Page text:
A huge chunk of organizations says they would leave the Medicare Shared Savings Program if they’re forced to take on financial risk, which could slow the system’s transition to value-based care.
It’s also unclear whether the Centers for Medicare & Medicaid Services (CMS), which oversee the program, will make any new changes. A recent letter from the agency offered a vague response about a possible drop in participation, even as another agency indicated it is reviewing proposed changes to the program.
A PDF survey released by the National Association of Accountable Care Organizations (NAACOS) found that 71% of accountable care organizations (ACOs) in non-risk-based tracks that entered the Medicare Shared Savings Program in 2012/13 will leave the program if they are forced to take on financial risk.
Organizations may enter two successive non-risk-based three-year contracts before being forced to enter a financial-risk track, under which they could potentially lose money. NAACOS, which says some organizations are not yet prepared to take on risk, has been pleading for the Medicare agency to allow those ACOs to enter into a third Track 1 agreement period.
Eighty-two ACOs will face the predicament next year, totaling nearly 20% (PDF) of all organizations participating in the program in 2018. NAACOS’ survey found that 66% of those organizations would remain in the program if allowed a third Track 1 contract.
Responding to a request from the organization to permit ACOs to enter a third non-risk-based contract, CMS offered a vague response that did not directly address NAACOS’ concerns. The Medicare Shared Savings Program latest results show that ACOs in performance-based risk tracks perform better than shared savings only ACOs."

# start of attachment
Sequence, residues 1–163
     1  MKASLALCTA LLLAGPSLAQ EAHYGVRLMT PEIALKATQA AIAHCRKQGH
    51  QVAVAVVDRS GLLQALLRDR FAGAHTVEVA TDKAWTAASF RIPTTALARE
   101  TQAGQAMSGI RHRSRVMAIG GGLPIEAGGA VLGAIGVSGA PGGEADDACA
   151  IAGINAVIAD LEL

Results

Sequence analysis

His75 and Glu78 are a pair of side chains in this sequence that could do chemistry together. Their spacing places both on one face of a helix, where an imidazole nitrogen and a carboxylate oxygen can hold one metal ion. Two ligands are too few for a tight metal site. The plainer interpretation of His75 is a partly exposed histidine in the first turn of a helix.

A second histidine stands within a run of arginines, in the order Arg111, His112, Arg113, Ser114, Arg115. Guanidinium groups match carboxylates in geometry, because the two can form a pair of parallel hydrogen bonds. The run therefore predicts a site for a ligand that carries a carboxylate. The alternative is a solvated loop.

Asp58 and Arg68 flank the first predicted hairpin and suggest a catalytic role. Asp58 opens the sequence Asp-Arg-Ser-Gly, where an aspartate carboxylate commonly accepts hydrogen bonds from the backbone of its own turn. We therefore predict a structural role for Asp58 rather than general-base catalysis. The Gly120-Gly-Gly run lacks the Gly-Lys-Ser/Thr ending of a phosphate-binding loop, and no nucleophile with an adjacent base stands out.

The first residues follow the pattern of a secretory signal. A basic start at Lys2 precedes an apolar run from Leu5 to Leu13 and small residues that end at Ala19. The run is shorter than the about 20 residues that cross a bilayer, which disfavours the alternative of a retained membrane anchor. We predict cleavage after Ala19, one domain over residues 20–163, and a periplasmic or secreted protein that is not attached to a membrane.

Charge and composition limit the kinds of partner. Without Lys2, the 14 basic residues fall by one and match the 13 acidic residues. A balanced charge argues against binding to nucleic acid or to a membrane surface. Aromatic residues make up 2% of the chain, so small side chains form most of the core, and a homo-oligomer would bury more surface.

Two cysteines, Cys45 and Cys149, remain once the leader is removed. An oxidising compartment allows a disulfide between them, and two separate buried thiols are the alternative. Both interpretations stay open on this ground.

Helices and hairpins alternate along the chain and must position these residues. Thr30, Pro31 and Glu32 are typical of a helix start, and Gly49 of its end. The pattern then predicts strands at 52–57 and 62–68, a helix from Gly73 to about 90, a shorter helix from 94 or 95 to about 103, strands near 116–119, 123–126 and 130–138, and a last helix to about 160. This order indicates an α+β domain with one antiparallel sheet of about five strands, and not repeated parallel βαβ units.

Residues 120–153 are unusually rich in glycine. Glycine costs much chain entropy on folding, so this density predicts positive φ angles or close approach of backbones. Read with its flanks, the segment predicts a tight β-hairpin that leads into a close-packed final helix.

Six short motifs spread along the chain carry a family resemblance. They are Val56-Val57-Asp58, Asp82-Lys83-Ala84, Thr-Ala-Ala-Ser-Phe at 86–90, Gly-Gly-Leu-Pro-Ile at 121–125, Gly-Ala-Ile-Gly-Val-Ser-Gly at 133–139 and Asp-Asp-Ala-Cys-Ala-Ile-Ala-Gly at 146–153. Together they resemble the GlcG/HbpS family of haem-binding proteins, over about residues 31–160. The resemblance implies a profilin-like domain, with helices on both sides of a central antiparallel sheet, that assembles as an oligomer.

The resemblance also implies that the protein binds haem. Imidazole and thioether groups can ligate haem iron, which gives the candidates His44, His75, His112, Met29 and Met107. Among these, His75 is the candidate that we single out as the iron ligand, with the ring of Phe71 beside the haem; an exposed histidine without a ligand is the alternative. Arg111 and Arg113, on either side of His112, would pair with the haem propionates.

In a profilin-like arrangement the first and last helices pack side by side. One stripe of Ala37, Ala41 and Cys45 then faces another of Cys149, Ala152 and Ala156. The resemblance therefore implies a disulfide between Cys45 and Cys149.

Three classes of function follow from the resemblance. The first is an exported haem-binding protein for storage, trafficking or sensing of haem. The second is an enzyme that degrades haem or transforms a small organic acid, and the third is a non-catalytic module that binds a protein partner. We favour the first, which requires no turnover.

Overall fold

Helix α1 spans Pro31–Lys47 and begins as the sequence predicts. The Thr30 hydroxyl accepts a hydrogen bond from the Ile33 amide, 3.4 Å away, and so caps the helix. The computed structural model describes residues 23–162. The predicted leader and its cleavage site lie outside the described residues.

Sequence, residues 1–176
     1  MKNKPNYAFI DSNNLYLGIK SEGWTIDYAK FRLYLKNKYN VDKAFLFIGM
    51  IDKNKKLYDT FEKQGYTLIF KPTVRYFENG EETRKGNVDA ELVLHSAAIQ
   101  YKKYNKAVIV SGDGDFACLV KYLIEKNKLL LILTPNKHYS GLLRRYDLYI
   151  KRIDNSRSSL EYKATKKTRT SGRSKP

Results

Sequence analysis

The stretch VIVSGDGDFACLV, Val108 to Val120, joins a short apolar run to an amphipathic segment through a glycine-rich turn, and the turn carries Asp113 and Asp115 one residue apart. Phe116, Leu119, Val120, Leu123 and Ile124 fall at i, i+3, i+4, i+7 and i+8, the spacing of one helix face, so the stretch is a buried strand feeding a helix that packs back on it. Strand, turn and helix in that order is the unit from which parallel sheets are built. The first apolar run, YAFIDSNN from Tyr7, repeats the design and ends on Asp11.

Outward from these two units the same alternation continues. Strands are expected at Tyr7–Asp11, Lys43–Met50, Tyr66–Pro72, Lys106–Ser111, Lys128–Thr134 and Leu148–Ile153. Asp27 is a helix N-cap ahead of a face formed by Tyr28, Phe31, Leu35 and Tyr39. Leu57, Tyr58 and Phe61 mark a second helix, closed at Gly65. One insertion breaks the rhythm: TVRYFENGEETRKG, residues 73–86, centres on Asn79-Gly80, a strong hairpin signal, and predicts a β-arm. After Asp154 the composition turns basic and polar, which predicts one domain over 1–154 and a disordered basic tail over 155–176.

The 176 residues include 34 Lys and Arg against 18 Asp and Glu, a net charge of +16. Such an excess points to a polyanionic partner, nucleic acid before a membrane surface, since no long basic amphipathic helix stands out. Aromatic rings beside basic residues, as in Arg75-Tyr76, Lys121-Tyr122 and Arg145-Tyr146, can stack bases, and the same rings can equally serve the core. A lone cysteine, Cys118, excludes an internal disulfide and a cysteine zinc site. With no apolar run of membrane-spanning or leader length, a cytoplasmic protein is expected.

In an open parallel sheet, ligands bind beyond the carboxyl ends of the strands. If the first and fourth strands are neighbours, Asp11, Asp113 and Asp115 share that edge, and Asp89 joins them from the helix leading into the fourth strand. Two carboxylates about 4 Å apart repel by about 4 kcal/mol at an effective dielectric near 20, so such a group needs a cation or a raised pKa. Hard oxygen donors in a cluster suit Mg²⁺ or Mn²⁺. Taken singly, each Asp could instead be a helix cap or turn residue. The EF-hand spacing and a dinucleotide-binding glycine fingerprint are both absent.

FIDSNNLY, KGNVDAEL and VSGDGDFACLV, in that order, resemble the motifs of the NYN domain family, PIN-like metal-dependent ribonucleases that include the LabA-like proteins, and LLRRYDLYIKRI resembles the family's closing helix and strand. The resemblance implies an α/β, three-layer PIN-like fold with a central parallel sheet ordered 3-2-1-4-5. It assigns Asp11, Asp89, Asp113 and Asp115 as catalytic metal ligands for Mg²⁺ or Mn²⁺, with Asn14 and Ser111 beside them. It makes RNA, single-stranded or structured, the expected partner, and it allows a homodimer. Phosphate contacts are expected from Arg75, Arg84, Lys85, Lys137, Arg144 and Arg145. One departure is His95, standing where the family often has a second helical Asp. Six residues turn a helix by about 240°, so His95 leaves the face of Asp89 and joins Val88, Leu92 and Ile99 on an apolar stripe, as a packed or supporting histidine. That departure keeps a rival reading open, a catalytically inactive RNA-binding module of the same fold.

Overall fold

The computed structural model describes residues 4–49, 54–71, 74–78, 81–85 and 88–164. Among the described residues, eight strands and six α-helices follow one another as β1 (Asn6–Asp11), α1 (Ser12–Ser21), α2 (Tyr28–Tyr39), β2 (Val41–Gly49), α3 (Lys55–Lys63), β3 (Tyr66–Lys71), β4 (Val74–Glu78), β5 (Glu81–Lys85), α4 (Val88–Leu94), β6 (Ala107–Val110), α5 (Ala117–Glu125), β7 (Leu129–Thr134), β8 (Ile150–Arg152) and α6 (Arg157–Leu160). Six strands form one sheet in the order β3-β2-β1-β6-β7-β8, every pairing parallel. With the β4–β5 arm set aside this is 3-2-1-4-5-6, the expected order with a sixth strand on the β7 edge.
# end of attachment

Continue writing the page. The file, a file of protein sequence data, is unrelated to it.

There is still time for the agency to act. Organizations typically need to notify the agency in May whether they plan to participate in the program the following year. However, Brennan added that the deadline has been pushed back indefinitely due to a new ACO management system, giving the group more time to appeal and the agency more time to decide whether to act.
A recent study also found that ACOs, as a whole, cost the government much more money than anticipated. The report found that the budget projections for the program in 2010 missed the mark by $2 billion, adding $384 million in costs instead of saving $1.7 billion.
Information this month says that the OMB is currently reviewing a CMS proposed rule on the Medicare Shared Savings Program, which will include regulatory changes to the program. Details on the regulatory changes are not available, and it is unclear if it will address NAACOS’ dropout concerns.
Lawmakers are being encouraged to find a path forward on this issue.